Three new studies affirm there has been no significant change in natural disasters, precipitation, or bushfire across Australia for the last several decades.
Instances when perilous flooding, drought, bushfire, cyclones, storms, heatwaves…occur at the nearly same time are classified as “compound disaster” events.
Across Australia, there has been no statistically significant trend in compound disaster events over any period in the last 50 years.
The predominant and most predictable driver of climate-related disaster events is not anthropogenic global warming, or CO2 emissions, but the El Niño Southern Oscillation.
“Here we utilise an Australian natural disaster database of normalised insurance losses to show compound disasters are responsible for the highest seasonal financial losses. Though their component events occur most frequently in the eastern seaboard, they may also comprise disasters on both sides of the continent. There has been no temporal trend in their frequency since 1966. A new compound disaster scale is proposed for Australian conditions. A bootstrapping analysis reveals the pairing of Bushfire and Tropical Cyclone to occur far less often than would be expected by chance. This is because these perils occur most frequently under contrasting climate states. Climate variability influences the frequency, intensity and type of perils contributing to compound disasters with the clearest relationship being with the El Niño Southern Oscillation. Given that ENSO is the most predictable climate driver at seasonal timescales, this may assist better forecasting of their occurrence and higher degrees of readiness.”
Image Source: Gissing et al., 2021
Precipitation patterns across Australia also show no detectable trend in the last 50 years, as some regions have experienced more rainfall and some less rainfall. As a whole, however, the country has become slightly wetter since 1960 (as indicated by the larger concentrations of blue in the below images).
“Northern parts of Australia have experienced increasing annual rainfall totals, resulting in increased water availability in the tropics with increased soil moisture, evapotranspiration, and runoff, particularly during the hot, wet monsoon season. In contrast, the southwest and southeast coast of Australia have experienced declines in rainfall, particularly in the colder months, corresponding with decreasing evapotranspiration, soil moisture, and runoff. Trends in flooding are aligned with runoff trends, and closely follow trends in rainfall, with changes in soil moisture of secondary influence. Streamflow droughts, measured by the standardised runoff index, are increasing across large parts of Australia, with these increases more widespread than changes in rainfall alone. Increases in rainfall in the tropics of northern Australia appear to be related to decreasing drought occurrence and extent, but this trend is not universal, suggesting changes in rainfall alone are not an indicator of changing drought conditions.”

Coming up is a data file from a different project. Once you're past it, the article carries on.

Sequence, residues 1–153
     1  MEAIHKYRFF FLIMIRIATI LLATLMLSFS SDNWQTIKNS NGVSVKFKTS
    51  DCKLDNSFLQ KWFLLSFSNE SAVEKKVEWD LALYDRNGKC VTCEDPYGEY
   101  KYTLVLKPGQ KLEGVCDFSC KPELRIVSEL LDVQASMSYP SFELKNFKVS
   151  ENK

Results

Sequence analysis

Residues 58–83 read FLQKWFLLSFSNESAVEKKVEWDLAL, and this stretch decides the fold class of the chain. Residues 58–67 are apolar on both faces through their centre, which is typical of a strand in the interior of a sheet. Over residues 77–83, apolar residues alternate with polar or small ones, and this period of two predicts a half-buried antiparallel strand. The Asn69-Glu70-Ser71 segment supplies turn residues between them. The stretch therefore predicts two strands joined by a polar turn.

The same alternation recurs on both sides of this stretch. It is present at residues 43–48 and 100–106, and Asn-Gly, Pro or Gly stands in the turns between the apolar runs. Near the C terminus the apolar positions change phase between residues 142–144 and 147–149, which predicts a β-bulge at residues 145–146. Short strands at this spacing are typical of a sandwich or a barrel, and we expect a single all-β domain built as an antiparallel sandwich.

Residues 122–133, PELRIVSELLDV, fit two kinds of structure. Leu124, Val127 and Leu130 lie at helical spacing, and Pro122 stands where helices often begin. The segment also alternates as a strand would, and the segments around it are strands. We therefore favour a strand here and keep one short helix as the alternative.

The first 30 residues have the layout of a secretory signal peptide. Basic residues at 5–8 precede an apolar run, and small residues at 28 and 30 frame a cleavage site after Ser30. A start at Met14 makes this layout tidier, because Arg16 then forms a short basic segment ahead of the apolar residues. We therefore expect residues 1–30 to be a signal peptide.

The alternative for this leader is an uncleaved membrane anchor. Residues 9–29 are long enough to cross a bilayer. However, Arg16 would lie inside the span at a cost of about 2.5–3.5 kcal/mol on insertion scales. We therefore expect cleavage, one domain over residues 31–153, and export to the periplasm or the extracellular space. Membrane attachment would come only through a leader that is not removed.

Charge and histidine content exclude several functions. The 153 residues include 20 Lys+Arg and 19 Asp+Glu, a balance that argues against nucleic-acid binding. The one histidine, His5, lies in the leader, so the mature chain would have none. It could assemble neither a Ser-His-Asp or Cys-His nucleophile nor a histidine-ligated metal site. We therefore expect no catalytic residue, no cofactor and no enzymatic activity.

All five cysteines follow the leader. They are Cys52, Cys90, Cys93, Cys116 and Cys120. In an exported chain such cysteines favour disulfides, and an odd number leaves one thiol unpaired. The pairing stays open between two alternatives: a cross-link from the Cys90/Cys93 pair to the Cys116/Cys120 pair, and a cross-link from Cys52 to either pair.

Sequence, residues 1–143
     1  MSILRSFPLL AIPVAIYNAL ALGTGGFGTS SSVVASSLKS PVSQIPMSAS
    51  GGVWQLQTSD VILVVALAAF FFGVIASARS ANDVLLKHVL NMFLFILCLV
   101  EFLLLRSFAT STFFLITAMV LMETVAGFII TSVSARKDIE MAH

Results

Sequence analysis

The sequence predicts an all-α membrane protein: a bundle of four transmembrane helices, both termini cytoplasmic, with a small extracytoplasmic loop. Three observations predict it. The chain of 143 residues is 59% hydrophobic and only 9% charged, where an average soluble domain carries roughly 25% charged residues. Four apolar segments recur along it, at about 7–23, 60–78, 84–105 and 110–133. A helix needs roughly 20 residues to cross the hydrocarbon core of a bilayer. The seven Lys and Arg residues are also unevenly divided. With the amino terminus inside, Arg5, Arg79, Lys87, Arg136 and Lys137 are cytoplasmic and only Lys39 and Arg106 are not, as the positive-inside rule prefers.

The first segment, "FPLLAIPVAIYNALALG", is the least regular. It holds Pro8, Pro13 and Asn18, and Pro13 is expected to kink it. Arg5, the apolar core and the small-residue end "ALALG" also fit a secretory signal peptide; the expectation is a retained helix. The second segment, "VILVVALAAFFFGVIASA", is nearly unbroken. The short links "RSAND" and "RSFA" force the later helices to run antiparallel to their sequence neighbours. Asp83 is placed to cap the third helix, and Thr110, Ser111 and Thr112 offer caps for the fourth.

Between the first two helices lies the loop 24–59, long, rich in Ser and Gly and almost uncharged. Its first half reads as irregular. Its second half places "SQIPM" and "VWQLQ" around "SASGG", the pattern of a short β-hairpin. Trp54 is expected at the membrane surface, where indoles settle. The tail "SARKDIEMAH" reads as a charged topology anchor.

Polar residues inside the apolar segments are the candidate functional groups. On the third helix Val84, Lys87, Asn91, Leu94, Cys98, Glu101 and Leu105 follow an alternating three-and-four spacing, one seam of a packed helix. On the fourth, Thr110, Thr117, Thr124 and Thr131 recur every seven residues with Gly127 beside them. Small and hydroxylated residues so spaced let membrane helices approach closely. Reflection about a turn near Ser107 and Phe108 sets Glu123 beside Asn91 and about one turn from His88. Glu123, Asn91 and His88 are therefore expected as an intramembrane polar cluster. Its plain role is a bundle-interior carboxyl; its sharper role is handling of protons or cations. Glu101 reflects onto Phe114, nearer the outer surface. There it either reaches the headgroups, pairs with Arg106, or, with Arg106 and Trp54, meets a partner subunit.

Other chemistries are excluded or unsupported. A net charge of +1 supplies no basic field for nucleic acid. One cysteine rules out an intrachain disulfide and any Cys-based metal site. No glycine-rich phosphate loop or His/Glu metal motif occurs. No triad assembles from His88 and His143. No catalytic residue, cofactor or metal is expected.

Image Source: Wasko et al., 2021
Another new study indicates Australia is far less prone to fire today than it was 4600 to 2800 years ago. All proxies denoting fire incidence have shown a significant decline in the last 900 years.
“Fire has a long history in Australia and is a key driver of vegetation dynamics in the tropical savanna ecosystems that cover one quarter of the country. Fire reconstructions are required to understand ecosystem dynamics over the long term but these data are lacking for the extensive savannas of northern Australia. This paper presents a multiproxy palaeofire record for Marura sinkhole in eastern Arnhem Land, Northern Territory, Australia. The record is constructed by combining optical methods (counts and morphology of macroscopic and microscopic charcoal particles) and chemical methods (quantification of abundance and stable isotope composition of pyrogenic carbon by hydrogen pyrolysis). This novel combination of measurements enables the generation of a record of relative fire intensity to investigate the interplay between natural and anthropogenic influences. The Marura palaeofire record comprises three main phases: 4600–2800 cal BP, 2800–900 cal BP and 900 cal BP to present. Highest fire incidence occurs at ~4600–4000 cal BP, coinciding with regional records of high effective precipitation, and all fire proxies decline from that time to the present. 2800–900 cal BP is characterised by variable fire intensities and aligns with archaeological evidence of occupation at nearby Blue Mud Bay. All fire proxies decline significantly after 900 cal BP. The combination of charcoal and pyrogenic carbon measures is a promising proxy for relative fire intensity in sedimentary records and a useful tool for investigating potential anthropogenic fire regimes.”